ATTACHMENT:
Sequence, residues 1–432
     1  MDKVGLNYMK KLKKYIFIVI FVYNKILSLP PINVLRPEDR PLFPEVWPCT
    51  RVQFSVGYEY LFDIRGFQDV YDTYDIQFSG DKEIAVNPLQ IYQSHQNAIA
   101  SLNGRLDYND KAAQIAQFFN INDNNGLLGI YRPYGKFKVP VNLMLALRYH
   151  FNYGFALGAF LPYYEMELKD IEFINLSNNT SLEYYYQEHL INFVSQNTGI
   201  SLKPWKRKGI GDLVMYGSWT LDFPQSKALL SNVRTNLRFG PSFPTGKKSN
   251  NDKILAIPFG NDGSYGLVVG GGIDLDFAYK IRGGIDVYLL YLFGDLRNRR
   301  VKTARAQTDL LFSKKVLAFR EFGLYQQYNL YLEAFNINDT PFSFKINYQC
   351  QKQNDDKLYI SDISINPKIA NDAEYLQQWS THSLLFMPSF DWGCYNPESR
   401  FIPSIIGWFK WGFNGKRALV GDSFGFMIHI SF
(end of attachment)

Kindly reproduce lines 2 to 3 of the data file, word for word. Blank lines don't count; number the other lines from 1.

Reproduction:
     1  MDKVGLNYMK KLKKYIFIVI FVYNKILSLP PINVLRPEDR PLFPEVWPCT
    51  RVQFSVGYEY LFDIRGFQDV YDTYDIQFSG DKEIAVNPLQ IYQSHQNAIA